It’s likely the pitch will wind up losing a bit of movement and velocity as he puts together a larger sample size. But Sarris says the pitch compares with the fastballs of Kodai Senga and Kevin Gausman, and he expects it to be a 92nd percentile heater.

Cutter

  • Velocity: 90.9 mph
  • Vertical movement: 23.3 inches of drop (1.8 vs. average)
  • Horizontal movement: 1.2 inches of break (-1.6 vs. average)

The cutter has been an increasingly popular pitch and has been particularly noteworthy among relievers like Kenley Jansen. 

For Yamamoto, it has largely been regarded as his fourth pitch and one he might be less likely to use as often in the big leagues. The pitch has limited horizontal break and grades out as above-average in vertical movement, while averaging only 90.9 mph in velocity.

Sarris described the pitch overall as being graded as a negative pitch by Stuff+ metrics during the World Baseball Classic, and he said the expectation is largely that it will be a below-average cutter among MLB pitchers. 

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Splitter

  • Velocity: 90.3 mph
  • Vertical movement: 31.5 inches of drop (0.3 vs. average)
  • Horizontal movement: 13.4 inches of break (0.8 vs. average)

Like the cutter, the splitter is rapidly becoming one of baseball’s most popular pitches. Plenty of Japanese stars like Darvish, Masahiro Tanaka and Shohei Ohtani have helped popularize the pitch by turning it into filthy offerings that rival even the best curveballs in the game.

There’s a chance Yamamoto’s splitter might wind up as the best. Though the vertical and horizontal movement grade out only as around slightly above average so far this year, Sarris reported there were no splitters in MLB that combined Yamamoto’s 90-plus mph velocity on the pitch with at least 35 inches of drop found during the World Baseball Classic.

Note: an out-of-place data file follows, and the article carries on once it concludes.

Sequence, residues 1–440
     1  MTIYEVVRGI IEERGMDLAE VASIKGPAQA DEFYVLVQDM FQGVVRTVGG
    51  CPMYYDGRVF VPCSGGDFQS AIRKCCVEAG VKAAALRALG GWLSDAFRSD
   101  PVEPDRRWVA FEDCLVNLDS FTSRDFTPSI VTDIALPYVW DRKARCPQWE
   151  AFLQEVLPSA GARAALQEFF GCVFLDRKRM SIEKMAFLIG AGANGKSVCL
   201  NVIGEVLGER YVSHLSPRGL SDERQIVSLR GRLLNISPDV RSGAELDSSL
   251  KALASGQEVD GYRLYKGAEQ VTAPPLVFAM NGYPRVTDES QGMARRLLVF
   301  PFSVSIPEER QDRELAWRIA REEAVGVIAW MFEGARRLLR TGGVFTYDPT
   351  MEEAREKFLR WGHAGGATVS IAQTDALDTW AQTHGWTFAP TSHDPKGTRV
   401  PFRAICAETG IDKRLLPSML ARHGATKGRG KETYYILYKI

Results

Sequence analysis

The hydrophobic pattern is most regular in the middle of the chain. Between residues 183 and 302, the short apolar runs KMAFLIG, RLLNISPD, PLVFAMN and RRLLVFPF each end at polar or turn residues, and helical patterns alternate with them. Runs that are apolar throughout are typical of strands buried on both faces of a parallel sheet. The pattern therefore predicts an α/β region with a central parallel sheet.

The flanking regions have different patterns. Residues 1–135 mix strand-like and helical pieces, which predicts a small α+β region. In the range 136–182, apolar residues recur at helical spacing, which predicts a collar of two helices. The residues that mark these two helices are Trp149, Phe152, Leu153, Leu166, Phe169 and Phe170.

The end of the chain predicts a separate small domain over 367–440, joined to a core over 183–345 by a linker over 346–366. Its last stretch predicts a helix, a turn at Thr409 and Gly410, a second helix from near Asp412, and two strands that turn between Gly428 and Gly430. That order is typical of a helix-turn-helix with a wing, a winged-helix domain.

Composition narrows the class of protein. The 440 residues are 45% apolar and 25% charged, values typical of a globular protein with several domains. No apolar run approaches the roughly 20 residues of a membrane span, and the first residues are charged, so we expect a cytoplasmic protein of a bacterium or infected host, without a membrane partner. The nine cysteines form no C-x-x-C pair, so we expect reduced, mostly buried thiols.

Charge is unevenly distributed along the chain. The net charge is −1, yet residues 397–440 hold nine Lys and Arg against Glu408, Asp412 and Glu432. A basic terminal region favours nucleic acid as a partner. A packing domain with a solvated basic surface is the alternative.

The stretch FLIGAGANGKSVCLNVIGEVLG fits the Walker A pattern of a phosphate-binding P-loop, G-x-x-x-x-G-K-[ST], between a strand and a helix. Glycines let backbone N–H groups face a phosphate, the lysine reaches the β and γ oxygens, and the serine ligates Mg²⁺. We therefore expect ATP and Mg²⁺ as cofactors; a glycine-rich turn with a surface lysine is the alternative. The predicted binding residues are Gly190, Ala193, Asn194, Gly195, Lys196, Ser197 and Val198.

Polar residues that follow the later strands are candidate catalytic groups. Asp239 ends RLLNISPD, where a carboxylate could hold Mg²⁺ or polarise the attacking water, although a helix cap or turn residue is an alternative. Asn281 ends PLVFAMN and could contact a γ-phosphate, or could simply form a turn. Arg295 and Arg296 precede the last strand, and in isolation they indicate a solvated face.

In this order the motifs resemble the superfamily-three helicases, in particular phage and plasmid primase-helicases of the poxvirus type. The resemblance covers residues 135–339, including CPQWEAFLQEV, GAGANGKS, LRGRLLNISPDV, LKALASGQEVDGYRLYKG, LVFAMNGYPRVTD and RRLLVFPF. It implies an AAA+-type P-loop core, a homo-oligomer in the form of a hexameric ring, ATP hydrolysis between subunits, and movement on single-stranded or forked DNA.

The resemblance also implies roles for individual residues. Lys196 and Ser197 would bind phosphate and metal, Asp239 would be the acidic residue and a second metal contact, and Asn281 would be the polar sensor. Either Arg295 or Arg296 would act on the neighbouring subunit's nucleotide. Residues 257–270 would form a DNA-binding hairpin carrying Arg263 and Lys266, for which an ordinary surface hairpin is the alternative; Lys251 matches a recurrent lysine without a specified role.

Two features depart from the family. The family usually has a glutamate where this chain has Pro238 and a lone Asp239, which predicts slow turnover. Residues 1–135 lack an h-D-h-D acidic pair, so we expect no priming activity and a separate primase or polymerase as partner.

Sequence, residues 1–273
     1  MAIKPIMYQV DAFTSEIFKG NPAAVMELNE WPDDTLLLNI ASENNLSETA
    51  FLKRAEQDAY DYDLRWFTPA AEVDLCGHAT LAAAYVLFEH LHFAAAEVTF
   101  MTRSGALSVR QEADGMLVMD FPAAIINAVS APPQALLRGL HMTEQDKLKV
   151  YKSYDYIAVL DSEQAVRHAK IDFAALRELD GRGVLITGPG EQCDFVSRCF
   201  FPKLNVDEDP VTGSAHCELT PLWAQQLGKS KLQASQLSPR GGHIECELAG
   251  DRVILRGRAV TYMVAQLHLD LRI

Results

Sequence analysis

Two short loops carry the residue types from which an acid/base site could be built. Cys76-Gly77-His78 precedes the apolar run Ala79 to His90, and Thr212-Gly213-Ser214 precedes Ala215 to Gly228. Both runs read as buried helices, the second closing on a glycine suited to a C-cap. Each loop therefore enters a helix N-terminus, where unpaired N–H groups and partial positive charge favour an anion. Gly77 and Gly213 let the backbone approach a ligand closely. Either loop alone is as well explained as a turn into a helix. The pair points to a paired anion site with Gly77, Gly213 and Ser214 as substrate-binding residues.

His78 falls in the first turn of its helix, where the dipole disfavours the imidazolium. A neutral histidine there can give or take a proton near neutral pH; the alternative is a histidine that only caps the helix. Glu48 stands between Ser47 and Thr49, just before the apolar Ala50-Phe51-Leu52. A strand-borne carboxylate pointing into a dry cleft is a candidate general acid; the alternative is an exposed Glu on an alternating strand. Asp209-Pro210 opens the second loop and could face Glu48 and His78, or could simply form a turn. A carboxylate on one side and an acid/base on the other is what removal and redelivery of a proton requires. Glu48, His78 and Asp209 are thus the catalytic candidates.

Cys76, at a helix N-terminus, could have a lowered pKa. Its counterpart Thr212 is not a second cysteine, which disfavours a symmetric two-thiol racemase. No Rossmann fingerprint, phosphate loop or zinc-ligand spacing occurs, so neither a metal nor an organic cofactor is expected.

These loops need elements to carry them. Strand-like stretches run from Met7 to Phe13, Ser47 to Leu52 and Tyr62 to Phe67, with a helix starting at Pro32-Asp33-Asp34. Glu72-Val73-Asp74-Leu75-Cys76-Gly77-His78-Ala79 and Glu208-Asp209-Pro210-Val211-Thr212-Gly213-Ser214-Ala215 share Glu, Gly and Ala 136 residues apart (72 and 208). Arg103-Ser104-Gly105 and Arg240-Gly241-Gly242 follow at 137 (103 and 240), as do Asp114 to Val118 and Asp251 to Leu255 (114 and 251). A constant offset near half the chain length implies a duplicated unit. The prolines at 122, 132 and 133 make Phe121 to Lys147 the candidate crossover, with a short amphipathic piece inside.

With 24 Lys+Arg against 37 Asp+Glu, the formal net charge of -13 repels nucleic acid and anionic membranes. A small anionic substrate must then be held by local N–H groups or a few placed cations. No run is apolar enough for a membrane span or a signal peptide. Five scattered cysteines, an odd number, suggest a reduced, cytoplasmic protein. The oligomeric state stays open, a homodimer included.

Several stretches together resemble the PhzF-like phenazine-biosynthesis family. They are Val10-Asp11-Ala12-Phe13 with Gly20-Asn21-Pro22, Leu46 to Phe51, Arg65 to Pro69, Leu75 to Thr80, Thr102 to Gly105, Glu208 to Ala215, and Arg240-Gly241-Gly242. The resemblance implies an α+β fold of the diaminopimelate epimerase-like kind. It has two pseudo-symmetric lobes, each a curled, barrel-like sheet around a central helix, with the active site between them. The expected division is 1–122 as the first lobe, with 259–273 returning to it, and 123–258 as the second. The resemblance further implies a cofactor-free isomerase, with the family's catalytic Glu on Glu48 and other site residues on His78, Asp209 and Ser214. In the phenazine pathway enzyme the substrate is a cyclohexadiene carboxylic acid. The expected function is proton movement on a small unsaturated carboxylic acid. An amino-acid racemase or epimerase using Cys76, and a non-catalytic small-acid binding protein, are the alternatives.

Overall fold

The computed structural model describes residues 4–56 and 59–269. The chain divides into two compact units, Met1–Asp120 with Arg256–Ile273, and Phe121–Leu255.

That heavy drop with such high velocity and some solid horizontal movement put it in an elite class of splitters. Sarris projects the pitch to be the best among all starters, highlighting the upside of the offering.

Curveball

  • Velocity: 78.6 mph
  • Vertical movement: 65.6 inches of drop (7.9 vs. average)
  • Horizontal movement: 13.6 inches of break (3.2 vs. average)

There might be some changing numbers as he gets deeper into his career, but as things stand, the curveball looks like an elite pitch early.

The pitch has 65.6 inches of vertical break, which would have ranked 15th in baseball last year and the drop vs. average of 7.9 inches would rank fifth. Adding to that, none of the pitches with more vertical break had a higher velocity, and only Danny Coulombe had a higher velocity (80.1 mph) and higher drop vs. average (10.8).

Then adding in the horizontal movement, where only two curveballs had more inches of break and inches of drop and none had at least 7.9 inches of drop vs. average and 3.2 inches of drop vs. average. 

The curve has the potential to be an elite pitch, giving him a third considerably well above-average offering, helping to provide him a standout breaking ball to throw off batters expecting another high-octane pitch.